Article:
Forum for Science, Industry and Business

Sponsored by:     3M 
Search our Site:

 

Research in fish provides new clues about deadly form of liver cancer

05.07.2011
Scientists fish for answers about hepatocellular carcinoma

Hepatocellular carcinoma (HCC), the most common type of liver cancer, is a leading cause of cancer-related deaths worldwide. Although there are several treatment options available, they are largely unsuccessful because the disease is so poorly understood.

Clinical studies of patients with HCC, combined with studies using mice and other animal models, have provided some clues, but many questions about how to diagnose and treat this deadly form of cancer remain. Zhiyuan Gong and Serguei Parinov from the National University of Singapore decided to pursue these questions using zebrafish as a model system.

Their study uncovers new information that might help to diagnose and treat HCC in humans, and shows that zebrafish are a powerful and cost-effective model to study liver cancer. Gong and Parinov publish their results in Disease Models & Mechanisms on July 5th, 2011 at http://dmm.biologists.org/.

Previous work indicated that cancer cells from patients with HCC always have abnormally high activation of a cellular pathway called Ras. However, whether and how the Ras pathway actually causes liver cancer was not clear. To focus in on this issue, Gong and Parinov generated zebrafish that are genetically engineered to express a cancer-causing form of Ras (krasV12) in the liver.

Fish that had the highest expression of krasV12 all died rapidly of malignant liver cancer (mostly within 30 days), whereas fish with lower krasV12 expression survived for longer and did not develop full-blown liver cancer. These results suggest that only very high levels of Ras pathway activation can cause HCC.

The researchers also uncovered abnormalities in several other cellular pathways in zebrafish that developed liver cancer, and genetic studies confirmed that the progression of disease happens similarly in zebrafish and humans. This allowed the researchers to establish a 'genetic signature' for HCC, which could potentially be translated into a method for diagnosing the disease in humans. In addition, the stage of cancer is an important factor in determining how patients should be treated. In this study, the researchers determined genetic signatures that were specific to early- and late-stage liver cancer, which might help in planning treatment regimes for patients with HCC.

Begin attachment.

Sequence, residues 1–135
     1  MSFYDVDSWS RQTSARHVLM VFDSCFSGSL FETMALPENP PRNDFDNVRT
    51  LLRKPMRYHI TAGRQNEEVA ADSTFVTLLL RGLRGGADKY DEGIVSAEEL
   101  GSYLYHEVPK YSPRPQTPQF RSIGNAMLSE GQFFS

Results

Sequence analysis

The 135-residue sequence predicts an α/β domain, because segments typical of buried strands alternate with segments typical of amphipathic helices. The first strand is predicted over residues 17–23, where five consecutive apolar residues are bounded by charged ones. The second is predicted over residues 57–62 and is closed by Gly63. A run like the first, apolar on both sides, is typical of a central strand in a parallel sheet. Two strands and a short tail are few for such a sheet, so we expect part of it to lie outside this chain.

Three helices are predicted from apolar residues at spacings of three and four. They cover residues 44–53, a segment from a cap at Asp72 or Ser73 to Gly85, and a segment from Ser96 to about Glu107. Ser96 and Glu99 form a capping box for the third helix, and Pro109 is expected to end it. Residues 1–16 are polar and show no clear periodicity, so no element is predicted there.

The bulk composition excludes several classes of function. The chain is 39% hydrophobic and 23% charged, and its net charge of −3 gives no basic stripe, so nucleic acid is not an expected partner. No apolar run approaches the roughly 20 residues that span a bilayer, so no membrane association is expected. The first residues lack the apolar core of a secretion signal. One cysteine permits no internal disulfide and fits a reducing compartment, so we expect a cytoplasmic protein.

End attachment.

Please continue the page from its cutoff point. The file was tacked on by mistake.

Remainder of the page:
These new findings using a zebrafish model of HCC should help to guide studies of this complex cancer in humans. Although validation studies in patients with HCC are required, this work provides new evidence that drugs targeting the Ras pathway are a promising avenue for therapy.

IF REPORTING ON THIS STORY, PLEASE MENTION DISEASE MODELS & MECHANISMS AS THE SOURCE AND, IF REPORTING ONLINE, PLEASE CARRY A LINK TO: http://dmm.biologists.org/

REFERENCE: Nguyen, A. T., Emelyanov, A., Koh, C. H. V., Spitsbergen, J. M., Lam, S. H., Mathavan, S., Parinov, S. and Gong, Z. Dis. Model. Mech. doi:10.1242/dmm.007831

This article is posted on this site to give advance access to other authorised media who may wish to report on this story. Full attribution is required, and if reporting online a link to dmm.biologists.com is also required. The story posted here is COPYRIGHTED. Therefore advance permission is required before any and every reproduction of each article in full. PLEASE CONTACT permissions@biologists.com

Sarah Allan | EurekAlert!
Further information:
http://www.biologists.com
http://dmm.biologists.org/

More articles from Life Sciences: